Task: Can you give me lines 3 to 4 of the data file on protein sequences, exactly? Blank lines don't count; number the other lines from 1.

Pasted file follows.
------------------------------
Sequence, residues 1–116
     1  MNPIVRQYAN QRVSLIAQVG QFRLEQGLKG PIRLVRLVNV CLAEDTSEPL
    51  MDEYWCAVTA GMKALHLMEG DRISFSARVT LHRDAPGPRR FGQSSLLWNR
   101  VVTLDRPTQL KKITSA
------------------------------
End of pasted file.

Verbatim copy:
    51  MDEYWCAVTA GMKALHLMEG DRISFSARVT LHRDAPGPRR FGQSSLLWNR
   101  VVTLDRPTQL KKITSA